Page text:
SEOUL • Former actress Kim Soo Hee said she could not refuse the request. "He was the king of the world where I belonged," she added, describing how prominent South Korean theatre director Lee Youn Taek had called her to his hotel room.
"When I opened the door, I saw him lying on the bed and, as expected, he ordered me to give him a massage. After a while, he suddenly took his trousers off," Kim recounted in a Facebook post last week.
On Monday, Lee, 66, apologised. "I feel so ashamed and crushed," the former artistic director of the National Theatre of Korea, said.
"I am ready to take all punishment, including legal responsibilities for my crimes."
Women's rights advocates have long warned that male supervisors exploit the country's command-and-compliance work culture.
Lee's admission attested to the scale of the problem.
"This is a very bad thing that has been happening customarily for the past 18 years," he said.
The World Economic Forum ranks South Korea 118th of 144 countries in terms of gender equality.
As elsewhere, sexual abuse victims often remain quiet. In 2009, a young actress named Jang Ja Yeon killed herself, leaving behind a note saying she had been forced to provide sexual favours to entertainment executives.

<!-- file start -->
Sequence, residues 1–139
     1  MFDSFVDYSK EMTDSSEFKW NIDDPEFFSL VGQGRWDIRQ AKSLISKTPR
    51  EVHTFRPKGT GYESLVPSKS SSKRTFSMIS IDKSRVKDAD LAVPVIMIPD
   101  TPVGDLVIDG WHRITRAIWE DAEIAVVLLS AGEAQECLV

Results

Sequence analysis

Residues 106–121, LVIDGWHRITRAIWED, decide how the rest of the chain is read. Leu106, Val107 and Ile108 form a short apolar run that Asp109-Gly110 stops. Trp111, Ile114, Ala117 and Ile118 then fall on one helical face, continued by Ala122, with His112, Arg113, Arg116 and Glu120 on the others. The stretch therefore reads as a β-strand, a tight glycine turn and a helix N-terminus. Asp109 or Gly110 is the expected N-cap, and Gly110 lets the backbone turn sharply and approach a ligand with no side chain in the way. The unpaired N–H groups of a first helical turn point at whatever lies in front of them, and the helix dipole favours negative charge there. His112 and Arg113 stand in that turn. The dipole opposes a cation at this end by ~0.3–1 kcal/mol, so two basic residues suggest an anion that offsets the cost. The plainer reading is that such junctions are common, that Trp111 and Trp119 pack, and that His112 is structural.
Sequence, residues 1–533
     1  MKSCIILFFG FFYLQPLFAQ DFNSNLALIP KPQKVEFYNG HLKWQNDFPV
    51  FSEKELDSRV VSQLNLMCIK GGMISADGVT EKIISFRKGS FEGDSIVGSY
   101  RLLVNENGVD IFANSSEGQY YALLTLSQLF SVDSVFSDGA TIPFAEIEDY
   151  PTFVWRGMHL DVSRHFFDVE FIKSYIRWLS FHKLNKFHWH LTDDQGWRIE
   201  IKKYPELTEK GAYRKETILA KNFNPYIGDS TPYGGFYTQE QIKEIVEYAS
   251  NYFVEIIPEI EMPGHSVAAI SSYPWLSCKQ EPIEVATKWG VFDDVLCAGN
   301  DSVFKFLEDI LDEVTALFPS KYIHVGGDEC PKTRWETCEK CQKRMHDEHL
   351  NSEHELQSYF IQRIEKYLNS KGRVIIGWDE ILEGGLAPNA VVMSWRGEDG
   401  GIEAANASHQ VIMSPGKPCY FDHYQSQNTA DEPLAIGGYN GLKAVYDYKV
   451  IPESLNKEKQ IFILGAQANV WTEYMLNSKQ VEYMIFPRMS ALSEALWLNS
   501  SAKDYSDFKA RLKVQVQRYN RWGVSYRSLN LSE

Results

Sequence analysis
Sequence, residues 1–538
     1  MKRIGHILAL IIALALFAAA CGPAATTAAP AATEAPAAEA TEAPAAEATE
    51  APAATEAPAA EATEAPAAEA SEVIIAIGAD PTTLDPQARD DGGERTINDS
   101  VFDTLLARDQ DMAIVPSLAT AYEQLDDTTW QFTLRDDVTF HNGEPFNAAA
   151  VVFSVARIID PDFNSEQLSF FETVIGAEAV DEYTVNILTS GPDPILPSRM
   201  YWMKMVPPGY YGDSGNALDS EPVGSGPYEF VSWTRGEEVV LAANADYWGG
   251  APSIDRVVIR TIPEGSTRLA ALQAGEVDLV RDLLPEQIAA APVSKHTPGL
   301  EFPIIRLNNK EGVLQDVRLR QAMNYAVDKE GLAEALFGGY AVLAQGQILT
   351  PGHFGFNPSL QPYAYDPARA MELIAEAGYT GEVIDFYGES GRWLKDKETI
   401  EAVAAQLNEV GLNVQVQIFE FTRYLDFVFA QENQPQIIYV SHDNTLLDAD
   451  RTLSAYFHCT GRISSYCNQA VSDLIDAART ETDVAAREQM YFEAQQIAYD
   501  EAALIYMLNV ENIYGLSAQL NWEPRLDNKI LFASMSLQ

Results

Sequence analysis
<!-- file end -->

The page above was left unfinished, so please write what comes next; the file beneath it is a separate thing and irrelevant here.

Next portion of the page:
But as the #MeToo movement has erupted around the world, complaints in South Korea have trickled out.
In November, a 25-year-old employee of furniture maker Hanssem posted a detailed account of being sexually assaulted by male colleagues. Nurses at Hallym University Medical Centre said they were told to dance in skimpy outfits at work-related events.
A tipping point appears to have come last month when a prosecutor named Ms Seo Ji Hyeon asserted that a senior male prosecutor groped her at a funeral in 2010.
After taking the rare step of appearing on TV to describe how she had been suppressed in the male-dominated legal world, she drew a wave of public support, forcing the Justice Ministry to open an investigation.
In November, Parliament improved protection for victims of sexual harassment, increasing penalties for employers who discriminate against them or fail to investigate abuse.
Still, a fresh reminder of the obstacles victims have faced in South Korea came only minutes before Lee held his news conference on Monday.
In a Facebook post, another former actress, Lee Seung Bi, wrote that she had been subjected to a "witch hunt" after she rebuffed Lee.
"Even my boyfriend, who was a member of his theatre group, kept silent," she wrote.